A local improvement ordinance was adopted by the Mayor and Council of the Borough of Wenonah and sewer facilities were constructed under its authority and completed in 1959. The plaintiffs, 21 in number, appeal from the assessments made against their properties for a part of the cost of the local improvement.
The assessments were made by the members of the Wenonah Board of Assessment, and the assessments were confirmed by the mayor and council of said borough on June 25, 1959.
The question involved is the compliance with the statute R.S. 40:56-27, which provides:
"All assessments levied under this chapter for any local improvement shall in each case be as nearly as may be in proportion to and not in excess of the peculiar benefit, advantage or increase in value which the respective lots and parcels of real estate shall be deemed to receive by reason of such improvement."
It is conceded that the properties of each of the applicants was benefited, but the disagreement is the amount of the increase of value as a result of the improvement. The accuracy of the methods in arriving at such increase is in sharp dispute.
It was stipulated that the Borough of Wenonah, prior to this assessment, had and still has a restrictive ordinance requiring a minimum of 75-foot frontage for a dwelling unit. This restriction is pertinent in reference to the use of the plaintiffs' parcels of land.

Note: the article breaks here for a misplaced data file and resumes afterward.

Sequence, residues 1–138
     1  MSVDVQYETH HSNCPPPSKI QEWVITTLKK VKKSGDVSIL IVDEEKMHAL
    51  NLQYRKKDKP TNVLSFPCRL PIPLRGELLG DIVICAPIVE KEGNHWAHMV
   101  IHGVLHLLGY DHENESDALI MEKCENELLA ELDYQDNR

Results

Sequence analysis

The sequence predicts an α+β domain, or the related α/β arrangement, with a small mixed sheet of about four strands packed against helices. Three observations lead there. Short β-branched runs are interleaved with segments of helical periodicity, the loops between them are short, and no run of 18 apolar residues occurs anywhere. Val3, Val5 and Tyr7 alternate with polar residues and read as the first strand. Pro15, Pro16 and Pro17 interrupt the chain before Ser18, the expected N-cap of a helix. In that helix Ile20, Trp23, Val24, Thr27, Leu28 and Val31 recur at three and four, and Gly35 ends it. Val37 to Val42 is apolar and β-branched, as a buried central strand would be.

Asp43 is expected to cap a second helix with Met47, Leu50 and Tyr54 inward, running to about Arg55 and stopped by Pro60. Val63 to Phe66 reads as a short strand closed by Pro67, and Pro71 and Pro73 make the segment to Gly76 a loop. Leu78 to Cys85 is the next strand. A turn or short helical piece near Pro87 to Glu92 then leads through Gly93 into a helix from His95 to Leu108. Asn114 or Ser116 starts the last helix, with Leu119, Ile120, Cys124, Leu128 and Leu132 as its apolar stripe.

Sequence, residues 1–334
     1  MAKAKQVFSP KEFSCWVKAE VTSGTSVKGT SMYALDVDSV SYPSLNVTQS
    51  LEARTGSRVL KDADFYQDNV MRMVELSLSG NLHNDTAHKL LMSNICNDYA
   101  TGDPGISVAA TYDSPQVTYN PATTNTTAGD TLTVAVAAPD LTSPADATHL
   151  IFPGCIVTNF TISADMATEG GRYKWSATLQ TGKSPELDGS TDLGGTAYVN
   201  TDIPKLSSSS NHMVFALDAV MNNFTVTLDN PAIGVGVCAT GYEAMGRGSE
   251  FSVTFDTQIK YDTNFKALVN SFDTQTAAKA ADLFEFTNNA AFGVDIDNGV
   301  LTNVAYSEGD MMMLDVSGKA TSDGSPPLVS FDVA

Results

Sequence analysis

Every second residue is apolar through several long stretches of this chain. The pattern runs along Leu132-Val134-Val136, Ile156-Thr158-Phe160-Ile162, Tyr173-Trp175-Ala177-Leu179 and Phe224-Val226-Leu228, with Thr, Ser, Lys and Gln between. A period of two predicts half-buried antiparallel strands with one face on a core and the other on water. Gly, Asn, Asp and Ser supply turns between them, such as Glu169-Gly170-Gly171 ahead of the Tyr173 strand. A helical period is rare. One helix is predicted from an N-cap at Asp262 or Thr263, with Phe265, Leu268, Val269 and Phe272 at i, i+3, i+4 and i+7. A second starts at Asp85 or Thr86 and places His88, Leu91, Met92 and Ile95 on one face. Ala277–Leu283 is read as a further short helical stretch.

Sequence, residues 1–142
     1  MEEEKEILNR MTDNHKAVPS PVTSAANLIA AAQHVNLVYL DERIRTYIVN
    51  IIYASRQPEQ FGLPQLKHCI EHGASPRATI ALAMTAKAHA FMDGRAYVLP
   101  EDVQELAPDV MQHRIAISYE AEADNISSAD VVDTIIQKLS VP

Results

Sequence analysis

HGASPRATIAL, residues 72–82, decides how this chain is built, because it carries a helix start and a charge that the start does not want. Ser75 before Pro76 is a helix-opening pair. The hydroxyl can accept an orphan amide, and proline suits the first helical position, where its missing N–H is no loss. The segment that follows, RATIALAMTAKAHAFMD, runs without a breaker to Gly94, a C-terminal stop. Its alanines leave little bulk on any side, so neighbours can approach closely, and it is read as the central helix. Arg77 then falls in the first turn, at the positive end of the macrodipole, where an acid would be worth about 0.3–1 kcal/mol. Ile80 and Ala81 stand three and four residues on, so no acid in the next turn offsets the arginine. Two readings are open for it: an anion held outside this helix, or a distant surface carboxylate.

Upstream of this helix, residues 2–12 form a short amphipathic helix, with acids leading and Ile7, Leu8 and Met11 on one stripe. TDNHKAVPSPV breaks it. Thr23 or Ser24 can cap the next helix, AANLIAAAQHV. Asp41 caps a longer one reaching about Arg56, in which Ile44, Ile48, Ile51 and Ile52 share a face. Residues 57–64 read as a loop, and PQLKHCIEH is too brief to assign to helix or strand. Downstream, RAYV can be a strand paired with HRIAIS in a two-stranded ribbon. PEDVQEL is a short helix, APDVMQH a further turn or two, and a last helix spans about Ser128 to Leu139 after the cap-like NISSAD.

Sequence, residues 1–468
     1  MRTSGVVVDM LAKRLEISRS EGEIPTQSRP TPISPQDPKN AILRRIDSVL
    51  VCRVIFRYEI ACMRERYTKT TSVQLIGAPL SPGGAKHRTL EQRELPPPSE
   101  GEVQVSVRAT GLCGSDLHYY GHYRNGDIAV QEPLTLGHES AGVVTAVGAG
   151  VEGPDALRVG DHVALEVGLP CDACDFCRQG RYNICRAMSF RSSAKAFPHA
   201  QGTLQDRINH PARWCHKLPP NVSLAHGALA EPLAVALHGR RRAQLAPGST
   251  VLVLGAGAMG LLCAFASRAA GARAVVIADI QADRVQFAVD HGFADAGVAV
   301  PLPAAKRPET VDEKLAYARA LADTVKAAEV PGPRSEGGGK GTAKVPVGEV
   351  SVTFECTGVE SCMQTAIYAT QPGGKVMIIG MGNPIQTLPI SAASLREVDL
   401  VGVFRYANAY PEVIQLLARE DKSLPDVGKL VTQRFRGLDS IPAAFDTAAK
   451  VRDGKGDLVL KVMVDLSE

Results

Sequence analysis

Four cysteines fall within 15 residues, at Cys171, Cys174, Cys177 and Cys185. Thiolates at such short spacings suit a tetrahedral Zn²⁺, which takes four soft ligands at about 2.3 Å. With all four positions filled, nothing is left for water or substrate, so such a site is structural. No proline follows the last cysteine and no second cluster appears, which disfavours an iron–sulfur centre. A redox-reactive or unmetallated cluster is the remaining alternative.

The borough derives its authority from N.J.S.A. 40:56-1 et seq. It is stipulated that all ordinances and subsequent proceedings meet the requirements of the statutes and the appeals are properly before this court pursuant to N.J.S.A. 40:56-54.
The proofs show that the assessments were made on the basis of the area of each parcel, limiting the depth to 150
feet. The square footage of each lot was computed, then the square footage of all lots was totaled, and that total was related to the total cost to ascertain the required cost per square foot, which was $.045362624 per square foot. To illustrate, many of the lots were 75 feet front and 150 feet deep, or 11,250 square feet, which was multiplied by $.045362624 as a cost per square foot to arrive at an assessment of $510.33 for each of such lots. Twenty-seven lots, 75 feet by 150 feet, are so assessed, but in some instances two or more of such size lots form an individual property of one of the appellants. In other property assessments one or more lots of that size with another irregular parcel form a property. The method of assessment as heretofore outlined never varies on the schedule of assessments. When the boundary measurements were not regular, then an improvised method of computation was used, such as P-15, Maddox, (108.15' 165.72'/2) x 150', for a total of 20540.2 square feet which, when multiplied by the same cost per square foot, resulted in an assessment of $931.72. In reference to the P-20, the Howarth property which embraced several lots 75' x 150' as well as two irregular lots, the latter were treated in this fashion: as to Lot 2, Block 9, the benefited lot dimension was (15.39 x 150) (150 138.73/2) x 59.61, resulting in a benefited lot area of 10914.10 square feet and an assessment of $495.07. Adjacent to this was a 5-foot strip which was set out (137.61 138.73/2) x 5, giving a total of 690.85 and an assessment of $31.33. Both of these parcels were part of a property having other 75' x 150' lots which were similarly computed.
The expert witnesses for the defendants used either the square foot or front foot formula in making their determination of the increase of ...